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The Tory Maid   By: (1869-)

Book cover

First Page:

[Illustration]

The Tory Maid

By HERBERT BAIRD STIMPSON

New York Dodd, Mead and Company

[Illustration: (decorative borders)]

Copyright, 1898, by H. B. STIMPSON.

To Rev. Dr. and Mrs. Hall Harrison this volume is affectionately inscribed by the Author

CONTENTS

CHAPTER PAGE

I. WE START FOR THE WAR 1

II. WE MEET THE MAID 10

III. A FLASH OF STEEL 24

IV. THE RED COCKADE 34

V. SIR SQUIRE OF TORY DAMES 44

VI. A TALE IS TOLD 55

VII. THE DEFIANCE OF THE TORY 68

VIII. THE BLACK COCKADE 77

IX. THE RED TIDE OF BLOOD 89

X. THE HARRYING OF THE TORY 107

XI. THE COUNCIL OF SAFETY 118

XII. THE VETO OF A MAID 132

XIII. THE GREETING OF FAIR LIPS 146

XIV. THE RETURN OF THE TORY 156

XV. THE FLAG OF TRUCE 166

XVI. THE BALL OF MY LORD HOWE 176

XVII. AN EXCHANGE OF COURTESIES 187

XVIII. THE CROSSING OF SWORDS 196

XIX. THE SANDS OF MONMOUTH 206

XX. IN THE LINES OF THE ENEMY 222

XXI. THE PASSING OF YEARS 230

XXII. THE COMING OF THE MAID 238

The Tory Maid

CHAPTER I

WE START FOR THE WAR

I, James Frisby of Fairlee, in the county of Kent, on the eastern shore of what was known in my youth as the fair Province of Maryland, but now the proud State of that name, growing old in years, but hearty and hale withal, though the blood courses not through my veins as in the days of my youth, sit on the great porch of Fairlee watching the sails on the distant bay, where its gleaming waters meet the mouth of the creek that runs at the foot of Fairlee. A julep there is on the table beside me, flavoured with mint gathered by the hands of John Cotton early in the morning, while the dew was still upon it, from the finest bank in all Kent County.

So with these old friends around me, with the julep on my right hand and the paper before me, I sit on the great porch of Fairlee to write of the wild days of my youth, when I first drew my sword in the Great Cause. To write, before my hand becomes feeble and my eyes grow dim, of the strange things that I saw and the adventures that befell me, of the old Tory of the Braes, of the fair maid his daughter, and of the part they played in my life during the War of the Deliverance. To write so that those who come after me, as well as those who are growing up around my knees, may know the part their grandfather played in the stirring times that proclaimed the birth of a mighty nation.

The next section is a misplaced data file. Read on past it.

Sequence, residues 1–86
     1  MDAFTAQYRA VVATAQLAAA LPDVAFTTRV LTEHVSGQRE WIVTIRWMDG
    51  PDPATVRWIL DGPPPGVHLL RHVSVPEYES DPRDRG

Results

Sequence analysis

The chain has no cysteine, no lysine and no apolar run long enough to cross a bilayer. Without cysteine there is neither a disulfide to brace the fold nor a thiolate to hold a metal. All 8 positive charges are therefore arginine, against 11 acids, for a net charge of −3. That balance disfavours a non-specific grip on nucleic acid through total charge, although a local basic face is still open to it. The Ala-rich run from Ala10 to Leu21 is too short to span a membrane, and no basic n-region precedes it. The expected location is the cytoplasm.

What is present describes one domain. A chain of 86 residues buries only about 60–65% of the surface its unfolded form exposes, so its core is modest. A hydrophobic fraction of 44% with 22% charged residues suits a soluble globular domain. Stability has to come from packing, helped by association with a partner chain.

The first year of the great struggle, ah, me! I was young then, and the wild blood was in my veins. I was broad of shoulder and long of limb, with a hand that gripped like steel and a seat in the saddle that was the envy of all that hard riding country. I was hardy and skilled in all the outdoor sports and pastimes of my race and people, and being light in the saddle I often led the hardest riders and won from them the brush, while every creek for fifty miles up and down the broad Chesapeake, and even the farther shore as far as Baltimore, knew my canoe, and the High Sheriff himself was no finer shot than I.

You, who bask in the sunshine of long and dreary years of peace, who never hear the note of the bugle nor see the flash of the foeman's steel from one year's end to another, know not what it was to live in those stirring times and all the joy of the strife. You should have seen us then, when the whole land was aflame.

The fiery signal had come like a rush of the wind from the north, with the cry of the dying on the roadsides and fields of Lexington.

All along the western shore the men of Anne Arundel, of Frederick, and Prince George were mustering fast and strong. Then the Kentish men and those of Queen Anne and all the lower shore were mounting fast and mustering, while from the Howard hills came riding down bold and hardy yeomen... Continue reading book >>




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